The Fernery was first built in 1888 on the site of the early menagerie. However in 1937 it structurally collapsed and it was not until 1985, to mark the occasion of Victoria's 150th anniversary, that it was rebuilt to the original design. At this time a substantial number of ferns were planted and 5km of lattice had to be built and painted. The centre bed was established to show ferns found in the Otway Ranges.
In 2005 the Friends had wrought-iron gates designed to complement the building. In 2006 it was decided to complete the restoration of the Fernery by planting new ferns and replanting old established ones. For example, old "Soft Tree Ferns" or Dicksonia antarctica reach great heights in the wild so in a fernery must be cut down periodically and replanted lower in the ground.
All the ferns, large and small, that you will find in the Fernery are indigenous to the Otway Ranges. We believe our collection is unique in this respect.
The Minister for Planning made funding available for ‘Victoria’s Heritage: Strengthening our Communities’. The friends as usual are always on the lookout to gain funding for restoration works within the gardens. After researching the amount of work that was needed and gaining support from the WCC, the forms were filled out and posted with hope. To our surprise we were selected as worthy under the criteria ‘The program funds projects to repair, conserve and interpret heritage places and objects of importance to the community’.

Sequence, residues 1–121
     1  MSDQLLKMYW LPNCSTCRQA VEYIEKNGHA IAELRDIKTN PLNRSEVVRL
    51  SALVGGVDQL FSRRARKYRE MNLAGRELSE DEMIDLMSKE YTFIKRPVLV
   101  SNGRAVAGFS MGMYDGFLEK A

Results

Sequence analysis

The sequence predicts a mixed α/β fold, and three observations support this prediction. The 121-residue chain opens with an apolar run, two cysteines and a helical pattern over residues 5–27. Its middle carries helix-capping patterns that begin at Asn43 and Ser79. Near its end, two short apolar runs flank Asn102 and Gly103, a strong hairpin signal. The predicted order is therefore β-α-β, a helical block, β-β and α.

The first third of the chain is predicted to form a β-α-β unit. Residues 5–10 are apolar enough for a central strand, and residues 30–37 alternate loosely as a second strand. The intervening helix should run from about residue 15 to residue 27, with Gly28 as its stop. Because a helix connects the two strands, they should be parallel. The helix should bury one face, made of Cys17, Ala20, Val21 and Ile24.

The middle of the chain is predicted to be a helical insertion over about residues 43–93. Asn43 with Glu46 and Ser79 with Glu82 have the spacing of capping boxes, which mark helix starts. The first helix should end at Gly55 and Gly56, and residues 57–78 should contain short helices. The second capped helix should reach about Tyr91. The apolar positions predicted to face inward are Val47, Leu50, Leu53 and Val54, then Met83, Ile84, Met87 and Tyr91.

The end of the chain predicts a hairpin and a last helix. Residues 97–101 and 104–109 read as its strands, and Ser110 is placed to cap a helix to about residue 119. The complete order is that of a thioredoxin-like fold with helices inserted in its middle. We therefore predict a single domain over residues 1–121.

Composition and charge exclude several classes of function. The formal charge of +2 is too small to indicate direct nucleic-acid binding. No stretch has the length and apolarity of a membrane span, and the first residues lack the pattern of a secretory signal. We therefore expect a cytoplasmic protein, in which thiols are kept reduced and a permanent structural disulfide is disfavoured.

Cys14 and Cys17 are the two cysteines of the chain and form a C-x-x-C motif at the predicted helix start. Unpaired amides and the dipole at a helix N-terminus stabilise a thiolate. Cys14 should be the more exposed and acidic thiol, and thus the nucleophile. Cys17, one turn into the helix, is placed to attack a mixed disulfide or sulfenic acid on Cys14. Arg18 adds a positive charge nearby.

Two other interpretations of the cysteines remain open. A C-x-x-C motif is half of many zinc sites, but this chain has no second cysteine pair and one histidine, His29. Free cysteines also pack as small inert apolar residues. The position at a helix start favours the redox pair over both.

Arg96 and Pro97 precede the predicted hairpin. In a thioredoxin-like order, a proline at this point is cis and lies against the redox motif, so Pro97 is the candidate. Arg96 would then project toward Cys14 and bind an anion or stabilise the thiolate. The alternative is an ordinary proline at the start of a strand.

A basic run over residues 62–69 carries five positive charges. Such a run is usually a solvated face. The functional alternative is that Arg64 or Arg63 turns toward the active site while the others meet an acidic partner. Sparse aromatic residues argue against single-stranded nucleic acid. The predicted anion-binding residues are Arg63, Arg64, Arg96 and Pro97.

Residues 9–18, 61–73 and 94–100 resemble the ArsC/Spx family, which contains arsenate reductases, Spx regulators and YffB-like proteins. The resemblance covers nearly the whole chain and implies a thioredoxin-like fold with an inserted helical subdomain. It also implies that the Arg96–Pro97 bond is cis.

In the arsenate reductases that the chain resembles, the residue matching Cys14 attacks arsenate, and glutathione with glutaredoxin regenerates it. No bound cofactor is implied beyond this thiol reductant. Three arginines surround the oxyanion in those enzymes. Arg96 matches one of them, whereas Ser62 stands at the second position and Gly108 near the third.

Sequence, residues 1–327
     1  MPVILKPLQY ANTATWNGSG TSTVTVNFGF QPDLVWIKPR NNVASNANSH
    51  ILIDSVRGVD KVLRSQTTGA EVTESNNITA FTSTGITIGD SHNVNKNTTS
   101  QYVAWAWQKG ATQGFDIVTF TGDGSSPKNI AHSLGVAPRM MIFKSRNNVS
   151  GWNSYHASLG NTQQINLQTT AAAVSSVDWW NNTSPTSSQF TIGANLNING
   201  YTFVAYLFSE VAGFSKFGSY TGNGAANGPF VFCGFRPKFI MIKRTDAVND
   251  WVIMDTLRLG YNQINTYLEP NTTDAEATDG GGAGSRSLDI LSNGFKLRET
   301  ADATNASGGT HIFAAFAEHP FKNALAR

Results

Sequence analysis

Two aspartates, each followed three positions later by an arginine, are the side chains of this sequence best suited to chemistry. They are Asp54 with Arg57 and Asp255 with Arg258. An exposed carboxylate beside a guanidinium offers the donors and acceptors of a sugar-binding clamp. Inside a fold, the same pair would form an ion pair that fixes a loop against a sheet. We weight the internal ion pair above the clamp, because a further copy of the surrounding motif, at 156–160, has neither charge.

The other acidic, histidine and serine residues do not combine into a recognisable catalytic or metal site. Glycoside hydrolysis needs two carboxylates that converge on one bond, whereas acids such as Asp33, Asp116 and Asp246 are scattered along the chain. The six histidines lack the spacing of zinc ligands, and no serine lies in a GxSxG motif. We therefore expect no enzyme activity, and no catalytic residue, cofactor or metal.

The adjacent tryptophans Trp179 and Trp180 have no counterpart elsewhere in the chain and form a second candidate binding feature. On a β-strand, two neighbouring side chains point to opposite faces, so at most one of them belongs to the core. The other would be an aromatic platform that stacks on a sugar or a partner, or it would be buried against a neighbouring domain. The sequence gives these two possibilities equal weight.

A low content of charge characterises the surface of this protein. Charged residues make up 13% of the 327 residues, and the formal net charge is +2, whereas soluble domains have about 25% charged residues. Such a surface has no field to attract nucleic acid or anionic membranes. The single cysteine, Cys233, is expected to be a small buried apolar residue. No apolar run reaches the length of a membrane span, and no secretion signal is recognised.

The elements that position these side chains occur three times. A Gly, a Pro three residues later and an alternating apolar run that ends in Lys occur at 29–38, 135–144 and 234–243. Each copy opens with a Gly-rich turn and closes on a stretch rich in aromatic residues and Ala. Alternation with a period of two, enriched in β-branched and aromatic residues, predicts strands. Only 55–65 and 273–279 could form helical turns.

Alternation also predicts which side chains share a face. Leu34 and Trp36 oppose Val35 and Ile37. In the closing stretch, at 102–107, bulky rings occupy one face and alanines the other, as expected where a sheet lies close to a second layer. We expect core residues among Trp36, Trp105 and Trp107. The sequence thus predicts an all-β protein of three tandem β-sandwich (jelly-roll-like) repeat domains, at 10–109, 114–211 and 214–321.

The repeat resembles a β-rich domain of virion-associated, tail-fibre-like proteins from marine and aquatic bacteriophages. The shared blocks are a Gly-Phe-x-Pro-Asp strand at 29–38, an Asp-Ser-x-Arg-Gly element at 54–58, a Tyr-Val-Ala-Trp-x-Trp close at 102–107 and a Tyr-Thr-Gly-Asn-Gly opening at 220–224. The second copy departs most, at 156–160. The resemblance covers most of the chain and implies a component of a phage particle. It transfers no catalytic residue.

We can un-chain those beautiful gates enabling visitors to view and enjoy our very special collection of Otway Ferns. The ferns have been lovingly compiled and planted by Marigold Curtis and Lorraine Depler.